Jones Soda

Darcy O'Neil :: June 10, 2007 12:50 PM

Jones cream sodaWhen I seek inspiration for new cocktails I’ll browse through books, website, marketing material and any other source of material to get an idea. When I found Trader Vic’s Rum Fizz I thought it was a very interesting drink, partially because it contained an ingredient you’d be hard pressed to find at any modern bar. That ingredient was Cream Soda, which you can find at most grocery stores. So, when I went looking for a bottle of cream soda, I ended up with a mixed pack of Jones Soda. Since Jones Soda makes a unique range of products, I thought I should take a look at them and see if they are valuable to the mixology world.

The history of Jones Soda is pretty simple, it started off as a beverage distributor in western Canada in the late 1980’s. As the company grew, they gained significant knowledge of the beverage industry and decided to get into the market with alternative beverages as the Urban Juice & Soda Company. In 2000 the company officially changed its name to Jones Soda and moved from its headquarters in Vancouver, British Columbia to Seattle, Washington to improve US sales. The key for Jones Soda was the ability to create unique products and unique marketing ideas, such as the ever changing label. Currently Jones Soda can be found in many places including Starbucks, Barnes & Noble and 7–Elevens.

One of the interesting things that Jones Soda Co. has done recently is switched all of their products to pure cane sugar. Unless you buried your head in the sand, you are probably aware of the controversy around high fructose corn syrup (HFCS) and its “supposed health issues”. I’m not convinced there are any genuine health issues, aside from over consumption, since high fructose corn syrup is just glucose and fructose, which are both natural sugars. But anyway, cane sugar is good for those who fear HFCS.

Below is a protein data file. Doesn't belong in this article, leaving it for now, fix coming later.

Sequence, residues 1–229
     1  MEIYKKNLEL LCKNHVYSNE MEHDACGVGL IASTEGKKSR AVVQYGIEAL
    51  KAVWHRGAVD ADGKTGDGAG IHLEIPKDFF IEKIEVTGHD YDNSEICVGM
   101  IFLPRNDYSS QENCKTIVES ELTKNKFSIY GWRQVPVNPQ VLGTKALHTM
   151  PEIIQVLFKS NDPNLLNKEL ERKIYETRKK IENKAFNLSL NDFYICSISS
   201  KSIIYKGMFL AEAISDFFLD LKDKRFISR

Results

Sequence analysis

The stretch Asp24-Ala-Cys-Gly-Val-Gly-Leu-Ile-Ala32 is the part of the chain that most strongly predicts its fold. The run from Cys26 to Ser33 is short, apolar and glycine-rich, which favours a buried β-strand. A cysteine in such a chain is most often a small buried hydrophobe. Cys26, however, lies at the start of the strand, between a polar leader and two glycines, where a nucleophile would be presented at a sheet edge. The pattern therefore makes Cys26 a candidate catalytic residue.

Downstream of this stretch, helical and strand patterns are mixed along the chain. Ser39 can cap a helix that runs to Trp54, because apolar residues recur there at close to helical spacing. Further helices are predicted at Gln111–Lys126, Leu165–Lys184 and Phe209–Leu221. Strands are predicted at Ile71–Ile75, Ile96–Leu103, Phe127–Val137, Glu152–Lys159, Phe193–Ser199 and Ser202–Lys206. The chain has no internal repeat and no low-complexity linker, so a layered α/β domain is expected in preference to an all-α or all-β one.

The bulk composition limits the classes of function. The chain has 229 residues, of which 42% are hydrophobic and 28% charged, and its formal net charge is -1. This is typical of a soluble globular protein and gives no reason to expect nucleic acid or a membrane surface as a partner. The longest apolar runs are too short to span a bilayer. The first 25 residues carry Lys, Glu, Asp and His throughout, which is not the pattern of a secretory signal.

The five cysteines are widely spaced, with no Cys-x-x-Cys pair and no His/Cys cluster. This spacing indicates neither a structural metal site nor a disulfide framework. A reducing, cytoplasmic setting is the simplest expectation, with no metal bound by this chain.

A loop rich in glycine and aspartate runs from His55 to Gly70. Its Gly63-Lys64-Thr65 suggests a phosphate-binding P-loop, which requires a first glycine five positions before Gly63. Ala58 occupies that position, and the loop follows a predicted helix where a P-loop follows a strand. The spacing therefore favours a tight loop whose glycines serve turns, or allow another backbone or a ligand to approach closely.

Just for the sake of tasting things I decided to “review” Jones Cream Soda. Why? Because this is the Art of Drink, and I cover everything drink related. Plus, it is used in a cocktail by Trader Vic and if he can use cream soda in a cocktail, so can I. 

Jones Soda Cream Soda

Appearance: Clear like water
Aroma: Soft vanilla, cotton candy
Taste: The flavour is unique with sweet vanilla being the most obvious component. There is a light acidity in the finish, but over all this is sweet, carbonated vanilla pop.

The one thing I like about the Jones Soda flavours is that you can probably make some interesting cocktail twists with them. Sure, I’m not an Apple Martini guy, but when someone orders one, as a bartender I have to make it. I really don’t have time to convert everyone. But I could see giving the Appletini a little sparkle with some Jones Green Apple. Or adding some Jones Crushed Melon to some summery watermelon flavoured cocktail.

Jones Soda isn’t for everyone, but it can ad some sparkle to a few drinks. Especially when someone is just looking for something to relax on a patio on a hot summer day. Or it could be a good non-alcoholic drink for the same summer afternoon. You know you don’t always have to have a drink, right?

Pop vs Soda

On a related side note, the term “soda” is most commonly used in the US to describe sweetened carbonated beverages. In Canada “pop” is the prevailing term. However there are some significant regional differences in the US. For example in the north east, “soda” is common, in the northern Midwest “pop” is the prevalent term, in the south east “Coke” is the dominant term and in the south west “soda” is king.

The following map was an interesting study to determine who says what across the US. Blue is “Pop”, yellow/mustard is “Soda” and red is “Coke”

Pop-vs-soda


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